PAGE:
[ANN] setup-dkml.yml GitHub Actions workflow for distributing binaries

I am pleased to announce the v0 release of setup-dkml.yml, a GitHub Actions workflow for distributing executables or libraries to the public:

It is similar to the GitHub Action setup-ocaml but has several advantages when you are releasing a finished product to the public:

  • On Linux it uses an ancient GLIBC (C library) so your binaries run on most Linux distributions without static linking. Statically linked binaries are simple to distribute, but can be problematic for some copy-left licenses, and makes it difficult for your end-users to do security patching of the libraries you linked with.
  • On Windows it uses the Visual Studio compiler rather than the non-standard (for Windows) GCC compiler. This is a necessity when distributing Windows libraries, and reduces runtime bugs when linking native Windows libraries into your OCaml-built Windows executables. In addition you can generate Windows 32-bit binaries.
  • On macOS it can build both ARM64 and x86_64 binaries if you use opam-monorepo to build your project. Alpha-release caution: This works today but only if you hand-edit the .locked file. So only advanced users today!

Even if you are not releasing to the public, if you are a package maintainer you may want to use both setup-ocaml and setup-dkml so that you get additional coverage for Visual Studio and MSYS2 on Windows, and coverage for an older GLIBC on Linux.

The full comparison matrix available at https://github.com/diskuv/dkml-workflows#readme is:

setup-dkml setup-ocaml Consequence
dkml-base-compiler ocaml-base-compiler setup-dkml only supports 4.12.1 today. setup-ocaml supports all versions and variants of OCaml
GitHub child workflow GitHub Action setup-dkml is more complex to configure, and takes longer to run
MSVC + MSYS2 GCC + Cygwin On Windows setup-dkml can let your native code use ordinary Windows libraries without ABI conflicts. You can also distribute your executables without the license headache of redistributing or statically linking libgcc_s_seh and libstdc++
dkml-base-compiler ocaml-base-compiler On macOS, setup-dkml cross-compiles to ARM64 with dune -x darwin_arm64
CentOS 7 and Linux distros from 2014 Latest Ubuntu On Linux, setup-dkml builds with an old GLIBC. setup-dkml dynamically linked Linux executables will be highly portable as GLIBC compatibility issues should be rare, and compatible with the unmodified LGPL license used by common OCaml dependencies like GNU MP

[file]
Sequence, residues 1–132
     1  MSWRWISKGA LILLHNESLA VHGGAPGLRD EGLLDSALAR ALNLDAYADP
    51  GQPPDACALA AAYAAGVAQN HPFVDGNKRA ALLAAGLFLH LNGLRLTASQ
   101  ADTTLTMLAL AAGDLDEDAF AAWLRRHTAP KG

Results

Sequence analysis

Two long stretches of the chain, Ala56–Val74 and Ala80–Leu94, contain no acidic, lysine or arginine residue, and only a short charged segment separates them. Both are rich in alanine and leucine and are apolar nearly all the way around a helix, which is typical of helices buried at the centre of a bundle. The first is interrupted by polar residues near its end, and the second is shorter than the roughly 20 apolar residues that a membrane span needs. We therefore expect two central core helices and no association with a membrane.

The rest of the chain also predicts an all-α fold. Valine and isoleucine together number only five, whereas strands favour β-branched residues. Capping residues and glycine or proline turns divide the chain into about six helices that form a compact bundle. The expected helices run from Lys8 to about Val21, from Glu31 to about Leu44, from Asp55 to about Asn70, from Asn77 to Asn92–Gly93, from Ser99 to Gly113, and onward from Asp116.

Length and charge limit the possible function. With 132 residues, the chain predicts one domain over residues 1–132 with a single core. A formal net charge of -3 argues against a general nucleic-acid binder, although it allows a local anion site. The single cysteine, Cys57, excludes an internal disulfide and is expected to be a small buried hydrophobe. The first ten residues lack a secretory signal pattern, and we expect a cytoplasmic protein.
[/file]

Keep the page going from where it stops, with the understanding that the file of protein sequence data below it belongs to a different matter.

0 yrs 4 yrs setup-ocaml is officially supported and well-tested.
Some pinned packages No packages pinned setup-dkml, for some packages, must pin the version so that cross-platform patches (especially for Windows) are available. With setup-ocaml you are free to use any version of any package
diskuv/diskuv-opam-repository fdopen/opam-repository Custom patches for Windows are sometimes needed. setup-dkml uses a much smaller set of patches. setup-ocaml uses a large but deprecated set of patches.

Put simply, use setup-dkml when you are distributing executables or libraries to the public. Use setup-ocaml for all other needs.

setup-dkml will setup the following OCaml build environments for you:

ABIs Native ocamlopt compiler supports building executables for the following operating systems:
win32-windows_x86 32-bit Windows [1] for Intel/AMD CPUs
win32-windows_x86_64 64-bit Windows [1] for Intel/AMD CPUs
macos-darwin_all 64-bit macOS for Intel and Apple Silicon CPUs. Using dune -x darwin_arm64 will cross-compile to both; otherwise defaults to Intel.
manylinux2014-linux_x86 32-bit Linux: CentOS 7, CentOS 8, Fedora 32+, Mageia 8+, openSUSE 15.3+, Photon OS 4.0+ (3.0+ with updates), Ubuntu 20.04+
manylinux2014-linux_x86_64 64-bit Linux: CentOS 7, CentOS 8, Fedora 32+, Mageia 8+, openSUSE 15.3+, Photon OS 4.0+ (3.0+ with updates), Ubuntu 20.04+

Thanks to the OCaml Software Foundation (OCSF) for their support of DKML. Enjoy!


There is a new major version 1.1.0 available. It is not backwards-compatible but it adds:

  • Supports GitLab CI/CD in addition to GitHub Actions
  • Supports testing/troubleshooting/developing your CI on your desktop (macOS, Linux if you have Docker, and Windows if you have Visual Studio). You do not need DKML installed on your machine.

The only known issue is that GitLab CI/CD sometimes kills the Windows build of the OCaml compiler when using the shared GitLab SaaS runner; retrying the job usually fixes that.

If you had used the v0 series of the workflow, that version will continue to be supported for a few months but won’t get any updates unless the update is critical.

Upgrading? The most straightforward way is to introduce 1.1.0 into your project (see the link above) and only after it is working you should remove the v0 GitHub child workflow.

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